Doves frontman Jimi Goodman, speaking in Lizzy Goodman's 'Meet Me in the Bathroom: Rebirth and Rock and Roll in New York City 2001–2011', said "The Strokes were one of those bands that people saw and then instantly wanted to form a band". Former NME Editor Conor McNicholas, speaking in the same book, said that "The Strokes did this brilliant thing of giving everybody permission to self-consciously be a band...suddenly it was okay to be a star". Suddenly bands - some good and, erm, some not so good - were popping up all over the UK, quickly becoming the sound of nights out and house parties across the land.
The Strokes also paved the way for American bands such as the Yeah Yeah Yeahs, Interpol, and The White Stripes, as well as Sweden's The Hives and Australia's The Vines. Garage rock was sweeping across the country like it had never before and it was hard to turn on daytime Radio 1 during that time without hearing such bands. It was everywhere. What a time to be alive!
In 2009, Zane Lowe, then on BBC Radio 1, recognised the power of The Strokes was such that they moved popular opinion from DJs and pop music in the UK to "skinny jeans and guitars", creating a "template for rock 'n' roll in the modern age". Some praise indeed.
Accepted into the British mainstream
Released on 30 July 2001, Is This It marched into number 2 in the UK Official Albums Charts. 'Last Nite', easily the most recognisable song by the band, was suddenly all over the British airwaves and tv channels.
Follow up Room On Fire, again, saw the band reach number 2 in the UK Album Chart, though the best was to come in 2006 when third album First Impressions of Earth gave them their first number 1 album.
Proof of the country's love came at the 2002 Brit Awards. The Strokes were nominated for International Group, International Breakthrough Act and International Album. Even to be nominated in the biggest British pop music awards was an achievement for an indie band in those days. They went one better took home the award for International Breakthrough, beating the likes of Linkin Park, Nelly Furtado and Anastacia. In the 2004 edition they were again nominated for International Group (losing to The White Stripes).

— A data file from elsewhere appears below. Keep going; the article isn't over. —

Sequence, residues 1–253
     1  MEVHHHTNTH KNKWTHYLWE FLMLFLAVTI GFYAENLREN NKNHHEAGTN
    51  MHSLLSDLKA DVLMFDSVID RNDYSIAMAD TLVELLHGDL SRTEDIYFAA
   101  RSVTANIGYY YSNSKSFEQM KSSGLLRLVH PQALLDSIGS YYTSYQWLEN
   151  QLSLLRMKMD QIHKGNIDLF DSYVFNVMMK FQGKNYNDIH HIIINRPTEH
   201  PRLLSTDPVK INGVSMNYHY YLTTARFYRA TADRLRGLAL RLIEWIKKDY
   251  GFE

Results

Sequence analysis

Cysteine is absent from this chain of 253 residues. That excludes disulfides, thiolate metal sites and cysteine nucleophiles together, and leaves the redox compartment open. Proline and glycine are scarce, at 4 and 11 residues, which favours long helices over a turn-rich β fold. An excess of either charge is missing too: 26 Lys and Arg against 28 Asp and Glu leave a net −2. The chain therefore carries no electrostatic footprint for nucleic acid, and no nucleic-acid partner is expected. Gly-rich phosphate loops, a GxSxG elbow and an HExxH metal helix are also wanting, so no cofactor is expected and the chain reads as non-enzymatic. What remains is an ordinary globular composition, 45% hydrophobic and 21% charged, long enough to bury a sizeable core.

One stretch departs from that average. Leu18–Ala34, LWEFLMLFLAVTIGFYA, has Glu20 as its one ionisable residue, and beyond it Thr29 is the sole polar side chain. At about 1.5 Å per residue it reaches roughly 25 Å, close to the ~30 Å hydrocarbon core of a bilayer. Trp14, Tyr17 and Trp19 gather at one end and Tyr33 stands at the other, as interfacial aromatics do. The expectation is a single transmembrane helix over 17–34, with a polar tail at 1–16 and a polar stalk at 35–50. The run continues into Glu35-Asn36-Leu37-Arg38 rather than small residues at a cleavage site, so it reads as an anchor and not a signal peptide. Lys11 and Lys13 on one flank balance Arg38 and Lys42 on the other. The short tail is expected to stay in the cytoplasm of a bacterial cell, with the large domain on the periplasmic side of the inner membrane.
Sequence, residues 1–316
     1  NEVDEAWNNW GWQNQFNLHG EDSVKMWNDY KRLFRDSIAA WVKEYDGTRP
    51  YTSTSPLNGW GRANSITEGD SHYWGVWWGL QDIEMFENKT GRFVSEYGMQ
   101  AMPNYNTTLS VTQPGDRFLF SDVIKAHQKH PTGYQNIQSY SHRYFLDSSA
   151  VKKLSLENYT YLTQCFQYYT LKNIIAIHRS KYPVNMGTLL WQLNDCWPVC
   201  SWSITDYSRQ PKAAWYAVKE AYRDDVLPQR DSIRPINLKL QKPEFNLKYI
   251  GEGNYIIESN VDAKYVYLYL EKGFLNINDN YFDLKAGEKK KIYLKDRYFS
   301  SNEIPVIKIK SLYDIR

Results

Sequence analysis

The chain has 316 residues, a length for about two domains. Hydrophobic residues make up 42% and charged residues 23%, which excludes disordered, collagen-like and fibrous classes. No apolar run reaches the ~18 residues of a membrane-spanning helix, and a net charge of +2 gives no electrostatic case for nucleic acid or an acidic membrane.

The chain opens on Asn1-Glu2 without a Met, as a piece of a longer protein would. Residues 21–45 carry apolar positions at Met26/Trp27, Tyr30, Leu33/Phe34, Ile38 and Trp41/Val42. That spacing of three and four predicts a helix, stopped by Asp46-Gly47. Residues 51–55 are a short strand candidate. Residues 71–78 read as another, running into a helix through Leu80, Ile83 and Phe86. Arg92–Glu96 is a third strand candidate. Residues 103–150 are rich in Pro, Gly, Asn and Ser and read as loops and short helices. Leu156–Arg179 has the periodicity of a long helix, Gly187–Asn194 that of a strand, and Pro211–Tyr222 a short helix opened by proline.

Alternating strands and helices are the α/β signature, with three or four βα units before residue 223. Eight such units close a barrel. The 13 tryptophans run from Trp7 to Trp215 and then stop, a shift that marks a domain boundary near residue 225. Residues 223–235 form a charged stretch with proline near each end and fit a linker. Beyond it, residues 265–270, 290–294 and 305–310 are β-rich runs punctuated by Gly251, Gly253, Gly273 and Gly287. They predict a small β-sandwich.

The NME Awards carried on this acclaim to the next level. In 2002, The Strokes won Best New Act, Band of the Year and Album of the Year, and in 2006, after the success of First Impressions of Earth, they won Best International Band. It was clear that here in the UK, we were treating the band with the praise usually saved for our own.
Why was it a different story in America?
Yet, for some reason, America hadn't quite got the memo. In their homeland, the band never seemed to have the same impact they had in the UK and this was clear to see in the performance of their debut album and singles.
Whilst the singles on Is This Is were suddenly everywhere and lauded from every corner of the UK, the album would only reach 33 in the US Billboard 200. None of the early singles would chart on the Billboard Hot 100 and, in fact, the only one of their 17 singles to chart in the US was 'Juicebox' (released 4 October 2005) at 98.
Whilst their first seven singles charted in varying positions in the top 30 on the UK Official Chart, it was clear the US charts wanted nothing to do with them. Did these New York rich kids simply possess too many qualities that you'd expect from a British indie band to make it in their homeland? It appeared so.
In 2002, while The Strokes were being nominated left, right and centre at UK Awards ceremonies, the American versions simply weren't interested. At the 44th Annual Grammy Awards in 2002, they would've been eligible for the following categories, but for the fact that no one bothered to put them forward.
Record of the Year ('Walk On' by U2)
Album of the Year ("Oh Brother, Where Art Thou' by various artists - Soundtrack)
Best New Artist (Alicia Keys)
Best Alternative Music Album (Parachutes by Coldplay)
Best Rock Performance by a Duo or Group with Vocal ('Elevation' by U2)
Best Rock Album (All That You Can't Leave Behind by U2)
What was clear was that the American mainstream was choosing to ignore them in favour of, funnily enough, inoffensive bands from this side of the Atlantic, bands like U2 and Coldplay. Hardly the kind of bands likely to inspire movements back home.
The MTV Video Awards reveal a similar story. In 2002, The Strokes were nominated for the MTV2 Award, being pipped by Dashboard Confessional ("Who are they?" I hear you ask...). In 2004 and 2006, they weren't even nominated, overshadowed by bands like Jet and Yellowcard, artists who (one song aside, 'Are You Gonna Be My Girl' is a belter...) had nowhere near the same appeal as the New York band in the UK.
I recently ran a poll on Twitter asking people to vote for their favourite album by The Strokes. Their debut record Is This It overwhelmingly won with 71% of the vote, proving the love for the album still remains as true as ever. The New Abnormal picked up 4% of the vote, again showing how bizarre it was for the Grammy's to recognise one and not the other.
Inspiring American bands
The Strokes were also pivotal in the early success of Tennessee band Kings of Leon, the group who, in their early days, were regularly referred to as "Southern-fried Strokes". The Followill family band were another who exploded in the UK despite initially being shunned by their home country. Speaking in 'Meet Me in the Bathroom', frontman Celeb Followill was keen to spell out how influencial The Strokes were to him.